As the costs of higher education have skyrocketed over the last few decades, more and more students have gone deeper into debt to finance their educations. In Canada, the amount of government assistance for college educations has declined, forcing students to borrow even more.
Typically, students borrow from multiple sources and consequently end up making monthly loan payments to several different lenders. If you are having a hard time meeting your monthly bills you can reduce your total outlay by consolidating all your student loan consolidation into a single loan with a single payment. And that single payment will generally be much lower than the combined payments you’ve been making to multiple lenders.
There are advantages and disadvantages to consolidating student loans, so let’s look at both the upside and the downside.
Consolidating Student Loans: the Upside
The most obvious advantage is more of your income left at the end of each month. Most consolidation loans extend the term or life of the loan which further reduces that new single payment. In many cases, you can also get a lower interest rate and if you have any federal loans the interest rate on them will remain the same.
Another key advantage is knowing for sure what your monthly payment will be. Some loans are initially taken out with variable rates so their monthly payments can go up or down. By consolidating everything into a single fixed rate loan, you’re in a better position to manage your money over time since you can budget for an amount you know will remain the same.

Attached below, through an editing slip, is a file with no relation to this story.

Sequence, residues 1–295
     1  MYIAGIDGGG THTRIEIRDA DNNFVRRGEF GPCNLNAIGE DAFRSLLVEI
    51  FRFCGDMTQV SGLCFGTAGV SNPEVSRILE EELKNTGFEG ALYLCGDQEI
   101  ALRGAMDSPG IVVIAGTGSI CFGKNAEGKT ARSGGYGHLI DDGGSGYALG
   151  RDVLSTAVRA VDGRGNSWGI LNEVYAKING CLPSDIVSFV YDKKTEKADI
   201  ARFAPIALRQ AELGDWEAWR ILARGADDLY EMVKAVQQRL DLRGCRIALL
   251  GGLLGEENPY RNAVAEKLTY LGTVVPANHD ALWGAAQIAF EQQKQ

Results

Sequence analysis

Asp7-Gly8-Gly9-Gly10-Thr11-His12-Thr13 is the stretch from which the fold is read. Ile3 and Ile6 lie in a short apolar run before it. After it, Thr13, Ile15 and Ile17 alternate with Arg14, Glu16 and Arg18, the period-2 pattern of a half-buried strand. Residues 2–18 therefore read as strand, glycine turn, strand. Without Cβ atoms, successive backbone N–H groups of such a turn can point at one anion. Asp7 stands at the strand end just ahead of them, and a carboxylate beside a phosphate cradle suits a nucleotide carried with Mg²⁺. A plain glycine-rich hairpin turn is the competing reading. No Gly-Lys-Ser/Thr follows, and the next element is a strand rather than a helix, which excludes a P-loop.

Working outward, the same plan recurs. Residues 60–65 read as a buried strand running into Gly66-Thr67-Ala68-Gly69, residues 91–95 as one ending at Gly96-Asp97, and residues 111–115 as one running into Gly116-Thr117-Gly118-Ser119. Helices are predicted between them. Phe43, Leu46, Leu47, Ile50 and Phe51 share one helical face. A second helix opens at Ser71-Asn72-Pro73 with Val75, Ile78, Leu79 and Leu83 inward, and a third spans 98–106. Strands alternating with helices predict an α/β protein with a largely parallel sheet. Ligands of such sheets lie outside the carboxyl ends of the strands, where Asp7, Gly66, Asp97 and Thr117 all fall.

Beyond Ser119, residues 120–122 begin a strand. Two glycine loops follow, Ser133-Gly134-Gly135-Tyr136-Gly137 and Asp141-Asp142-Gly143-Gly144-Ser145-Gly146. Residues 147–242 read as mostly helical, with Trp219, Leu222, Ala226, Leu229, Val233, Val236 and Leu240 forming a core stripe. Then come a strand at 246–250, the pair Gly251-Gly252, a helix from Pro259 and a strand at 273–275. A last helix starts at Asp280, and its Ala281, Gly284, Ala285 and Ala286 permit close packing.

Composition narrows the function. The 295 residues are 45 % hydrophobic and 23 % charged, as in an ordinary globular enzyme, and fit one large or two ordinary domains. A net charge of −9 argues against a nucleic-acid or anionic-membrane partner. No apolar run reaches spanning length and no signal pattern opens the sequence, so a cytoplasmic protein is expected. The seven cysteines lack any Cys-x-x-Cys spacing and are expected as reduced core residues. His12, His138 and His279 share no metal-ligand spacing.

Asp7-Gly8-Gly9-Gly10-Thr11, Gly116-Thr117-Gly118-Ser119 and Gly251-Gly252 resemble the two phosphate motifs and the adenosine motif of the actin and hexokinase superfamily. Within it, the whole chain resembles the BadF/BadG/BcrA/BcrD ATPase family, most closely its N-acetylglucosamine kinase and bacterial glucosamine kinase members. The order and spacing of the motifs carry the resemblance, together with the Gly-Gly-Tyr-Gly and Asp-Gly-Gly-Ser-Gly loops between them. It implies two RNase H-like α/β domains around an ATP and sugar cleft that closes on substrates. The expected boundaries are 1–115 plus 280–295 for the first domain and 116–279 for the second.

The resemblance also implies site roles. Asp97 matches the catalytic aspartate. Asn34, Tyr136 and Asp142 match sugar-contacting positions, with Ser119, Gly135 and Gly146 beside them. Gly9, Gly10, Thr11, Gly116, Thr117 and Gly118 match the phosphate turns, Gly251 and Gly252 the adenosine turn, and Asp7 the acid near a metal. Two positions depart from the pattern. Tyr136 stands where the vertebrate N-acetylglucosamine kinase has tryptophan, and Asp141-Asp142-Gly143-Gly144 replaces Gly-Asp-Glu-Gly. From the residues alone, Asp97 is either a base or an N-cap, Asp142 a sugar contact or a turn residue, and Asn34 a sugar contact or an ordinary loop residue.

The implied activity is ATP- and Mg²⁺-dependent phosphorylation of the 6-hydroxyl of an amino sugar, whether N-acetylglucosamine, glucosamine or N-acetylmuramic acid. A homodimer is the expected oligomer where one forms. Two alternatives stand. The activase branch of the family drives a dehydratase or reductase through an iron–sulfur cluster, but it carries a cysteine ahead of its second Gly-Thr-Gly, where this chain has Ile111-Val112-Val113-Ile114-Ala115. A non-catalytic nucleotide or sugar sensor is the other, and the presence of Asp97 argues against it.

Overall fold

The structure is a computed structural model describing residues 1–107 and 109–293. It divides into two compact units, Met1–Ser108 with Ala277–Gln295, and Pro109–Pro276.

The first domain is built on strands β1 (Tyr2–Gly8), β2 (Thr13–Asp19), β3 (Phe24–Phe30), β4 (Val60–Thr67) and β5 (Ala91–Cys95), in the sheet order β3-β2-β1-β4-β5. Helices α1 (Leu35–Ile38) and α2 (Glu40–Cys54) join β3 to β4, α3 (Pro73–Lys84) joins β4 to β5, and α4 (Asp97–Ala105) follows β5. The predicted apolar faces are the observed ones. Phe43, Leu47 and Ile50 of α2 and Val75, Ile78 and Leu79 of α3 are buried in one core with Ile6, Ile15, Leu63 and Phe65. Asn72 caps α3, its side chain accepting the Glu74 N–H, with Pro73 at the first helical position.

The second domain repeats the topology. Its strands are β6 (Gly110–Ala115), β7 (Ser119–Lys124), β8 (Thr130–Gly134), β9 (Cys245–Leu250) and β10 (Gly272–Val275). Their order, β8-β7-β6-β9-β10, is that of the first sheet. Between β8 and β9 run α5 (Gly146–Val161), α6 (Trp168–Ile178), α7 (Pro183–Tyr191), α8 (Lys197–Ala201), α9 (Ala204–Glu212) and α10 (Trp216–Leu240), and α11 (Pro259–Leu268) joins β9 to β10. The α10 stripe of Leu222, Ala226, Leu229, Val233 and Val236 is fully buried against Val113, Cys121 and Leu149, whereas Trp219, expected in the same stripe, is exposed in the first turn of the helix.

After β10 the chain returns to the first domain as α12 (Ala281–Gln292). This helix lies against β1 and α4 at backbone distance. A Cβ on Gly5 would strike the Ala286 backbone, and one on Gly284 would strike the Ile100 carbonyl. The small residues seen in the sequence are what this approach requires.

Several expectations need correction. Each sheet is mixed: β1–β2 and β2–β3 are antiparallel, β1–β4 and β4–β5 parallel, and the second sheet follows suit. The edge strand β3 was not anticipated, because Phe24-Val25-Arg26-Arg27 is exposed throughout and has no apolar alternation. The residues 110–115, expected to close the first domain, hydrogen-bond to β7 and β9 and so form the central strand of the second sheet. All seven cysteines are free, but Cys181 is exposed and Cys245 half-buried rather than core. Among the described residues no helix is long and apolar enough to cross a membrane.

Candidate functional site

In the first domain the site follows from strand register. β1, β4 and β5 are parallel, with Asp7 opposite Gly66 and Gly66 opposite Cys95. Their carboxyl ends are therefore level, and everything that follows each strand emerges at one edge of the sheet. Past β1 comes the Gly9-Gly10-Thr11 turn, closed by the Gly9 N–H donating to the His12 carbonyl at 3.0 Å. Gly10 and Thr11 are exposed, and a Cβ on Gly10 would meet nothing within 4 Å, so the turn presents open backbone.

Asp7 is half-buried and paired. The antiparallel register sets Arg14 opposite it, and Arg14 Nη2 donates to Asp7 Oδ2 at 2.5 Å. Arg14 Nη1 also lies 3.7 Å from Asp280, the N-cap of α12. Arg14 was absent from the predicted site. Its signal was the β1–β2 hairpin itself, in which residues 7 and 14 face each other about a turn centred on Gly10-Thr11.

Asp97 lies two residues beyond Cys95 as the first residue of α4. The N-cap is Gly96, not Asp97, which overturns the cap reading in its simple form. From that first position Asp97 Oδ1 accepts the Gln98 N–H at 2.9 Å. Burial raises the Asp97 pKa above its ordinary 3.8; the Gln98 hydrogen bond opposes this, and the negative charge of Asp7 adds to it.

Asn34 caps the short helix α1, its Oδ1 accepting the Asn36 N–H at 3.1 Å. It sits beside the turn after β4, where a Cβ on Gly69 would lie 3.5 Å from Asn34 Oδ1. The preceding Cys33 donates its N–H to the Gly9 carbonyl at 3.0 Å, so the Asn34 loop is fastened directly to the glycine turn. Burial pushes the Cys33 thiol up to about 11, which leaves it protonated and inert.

For those of you who may be getting creditor calls because you’ve fallen behind on some of your loan payments, there is another major advantage to consolidating your student loan consolidation. The calls will stop! If you have been losing sleep at night worrying about these calls, the peace of mind you’ll get from consolidation may be the only reason you need to do it. However, there are some disadvantages about which you should be aware.
Consolidating Student Loans: the Downside
Extending the term of the loan, which has the upside of lowering the monthly payment, also has a significant downside. Even with a lower interest rate, you will probably pay more in total interest costs over the life of the loan. And if you ended up consolidating at a higher rate, due to poor credit or higher prevailing rates, you’ll end up paying even more
If you’re consolidating because you’ve already fallen significantly behind in your payments, you can expect to pay a higher rate. But if you’re in that position, you may have no choice. The allure of money left over at the end of the month can’t be ignored. And therein lays another huge disadvantage. In effect, what you have done is create the illusion that you have more money, when in fact you really don’t. You still owe the same amount spread over a longer time.
If it becomes necessary for you to declare bankruptcy at a later date, the federal student loan consolidation you’ve had for more than seven years are “forgiven.” They are discharged in bankruptcy and you are no longer obligated to repay. But if you consolidate with a private lender, you lose that advantage.
In summary, consolidating your student loans might be right for your situation. Just be sure you consider the advantages and disadvantages before you start looking for lenders.